But despite all the darkness in this book, somehow there is something pure and bright about the love between Ramazan and Ali that kept me turning the pages, hoping they would find a way to be together. I kept exclaiming aloud, in shock, horror, but couldn't stop reading until I had finished - all in an evening.
The story unfolds in the orphanage in filthy conditions and with limited provisions. This is largely the fault of the administrator who lives as a tyrant with his family. "Master" is an abusive husband and a pedophile, but Ramazan has learned to use his attractiveness to gain favors from the administrator. He hates himself for it but has sex with and manipulates the alcoholic man. Ali is comforted by Ramazan's leadership over himself and the other boys in the orphanage, but is jealous of his sexual relations with the Master.
Over time, Ali and Ramazan become lovers at the initiative of the smaller boy. Both seem to increase in beauty as they develop, and the other boys leave them alone due to Ali's growing physical strength and Ramazan's dominant personality.Read more ›
This is a stunning story, simply told without a lot of dynamics to the writing style. I found it difficult to judge as the author lives in a very different culture, and the writing style was not as polished. This is also what makes this novel so amazing. It is a tragic gay love story set in a most unlikely place. The characters, as well as the author, are courageous and true throughout, not wavering in who they are no matter what challenges they faced.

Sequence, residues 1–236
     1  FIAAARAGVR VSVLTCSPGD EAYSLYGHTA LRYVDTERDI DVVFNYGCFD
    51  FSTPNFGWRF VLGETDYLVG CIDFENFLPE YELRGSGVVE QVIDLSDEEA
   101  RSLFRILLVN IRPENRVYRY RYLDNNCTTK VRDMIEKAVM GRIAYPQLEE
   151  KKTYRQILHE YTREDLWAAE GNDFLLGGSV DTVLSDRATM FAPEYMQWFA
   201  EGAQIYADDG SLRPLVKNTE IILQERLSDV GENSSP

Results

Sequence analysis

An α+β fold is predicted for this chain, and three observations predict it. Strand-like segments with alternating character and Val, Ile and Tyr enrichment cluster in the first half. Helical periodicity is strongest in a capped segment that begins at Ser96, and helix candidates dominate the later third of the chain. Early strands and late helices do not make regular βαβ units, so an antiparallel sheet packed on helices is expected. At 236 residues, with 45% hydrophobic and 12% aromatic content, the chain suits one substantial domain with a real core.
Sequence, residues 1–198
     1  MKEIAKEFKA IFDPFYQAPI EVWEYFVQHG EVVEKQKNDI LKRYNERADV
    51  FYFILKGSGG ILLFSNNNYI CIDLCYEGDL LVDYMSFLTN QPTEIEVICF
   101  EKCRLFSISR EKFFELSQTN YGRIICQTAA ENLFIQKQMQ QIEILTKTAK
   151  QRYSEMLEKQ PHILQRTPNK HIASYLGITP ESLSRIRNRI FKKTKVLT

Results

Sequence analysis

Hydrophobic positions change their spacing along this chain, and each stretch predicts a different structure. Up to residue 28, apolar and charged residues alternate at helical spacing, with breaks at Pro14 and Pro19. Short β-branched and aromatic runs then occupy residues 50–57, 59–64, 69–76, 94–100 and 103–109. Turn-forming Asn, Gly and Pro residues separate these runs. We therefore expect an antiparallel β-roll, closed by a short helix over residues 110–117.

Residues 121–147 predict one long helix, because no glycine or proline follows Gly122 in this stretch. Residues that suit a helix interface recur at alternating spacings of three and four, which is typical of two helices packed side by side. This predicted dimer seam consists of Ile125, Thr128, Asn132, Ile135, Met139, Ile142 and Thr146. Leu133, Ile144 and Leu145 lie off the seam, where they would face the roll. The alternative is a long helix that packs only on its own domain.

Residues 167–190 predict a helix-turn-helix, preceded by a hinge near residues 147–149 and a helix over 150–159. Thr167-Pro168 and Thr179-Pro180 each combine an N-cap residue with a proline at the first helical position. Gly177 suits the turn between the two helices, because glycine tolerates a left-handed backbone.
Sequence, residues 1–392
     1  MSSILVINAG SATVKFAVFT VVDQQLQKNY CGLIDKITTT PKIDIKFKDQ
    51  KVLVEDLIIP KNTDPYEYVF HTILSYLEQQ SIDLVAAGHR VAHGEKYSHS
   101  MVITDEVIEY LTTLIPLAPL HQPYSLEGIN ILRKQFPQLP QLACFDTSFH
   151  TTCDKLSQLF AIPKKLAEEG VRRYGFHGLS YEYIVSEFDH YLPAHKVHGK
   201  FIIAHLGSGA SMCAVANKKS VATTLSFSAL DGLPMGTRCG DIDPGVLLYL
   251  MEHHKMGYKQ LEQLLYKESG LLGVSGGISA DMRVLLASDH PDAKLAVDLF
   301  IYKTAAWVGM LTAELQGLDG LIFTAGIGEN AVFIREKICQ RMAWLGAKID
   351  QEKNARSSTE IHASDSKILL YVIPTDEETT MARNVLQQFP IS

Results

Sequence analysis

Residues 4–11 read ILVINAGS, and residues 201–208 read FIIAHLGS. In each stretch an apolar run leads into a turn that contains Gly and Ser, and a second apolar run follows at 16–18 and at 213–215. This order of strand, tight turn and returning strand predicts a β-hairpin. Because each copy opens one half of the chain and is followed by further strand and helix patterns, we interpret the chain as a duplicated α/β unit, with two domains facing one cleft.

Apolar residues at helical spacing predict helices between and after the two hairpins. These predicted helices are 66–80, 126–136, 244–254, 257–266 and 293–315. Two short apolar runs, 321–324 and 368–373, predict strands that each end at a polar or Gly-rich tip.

Kudos to the author for telling this story! A very worthwhile read.
However, the writing here is harsh and choppy. Since I see the book is being compared to The Kite Runner I reread the first chapter of The Kite Runner when I was finished with Ali and Ramazan. There may some overlap in themes but the writing styles are completely different. I don't think the comparison is fair.
Most Recent Customer Reviews
I was expecting this to be in the line of Mohammed Choukri and Abdellah Taia's writing. While I don't wish to essentialize Middle Eastern/Northern African writing on queer-topics,... Read morePublished 16 months ago by Michiel Baas
This was actually the worst book I've ever read.
I am a gay male and thought this story would have some feelings, emotions, or even ideas I could relate to. Read more
A quick read--having been to Istanbul gives a picture of the seedies side of the city than what I saw.Published 18 months ago by srd
Horrible story about 2 orphaned boys in some 3rd world country (I don't remember where). It was so vulgar & disturbing that I couldn't finish it. Read morePublished 19 months ago by Nina LaQuino
The book tells a story about the bad experiences, problems, loves and struggles of two homeless orphan kids in a realistic view. Read morePublished on December 20, 2013 by ozkansari
this book had an awesome premise, orphans, Turkey, relationships, but the strange ending really left me unsatisfied. Read morePublished on November 12, 2013 by Carrie Emrikson
It is a sad story about some very desperate young orphans-turned adult in Istanbul but it is not very compellingly written.Published on October 10, 2013 by Deborah Leenutaphong
A tragedy told in the spirit of a modern day fable of our time,when children are devalued ,sadly tossed as if rubbish.If this was onion on your hands it would never wash off... Read morePublished on October 2, 2013 by carol
Not my kind of book, too crass, too much nasty talk. I know enough horror of life and don't care to read about this kind in such detail. Read morePublished on August 26, 2013 by Andi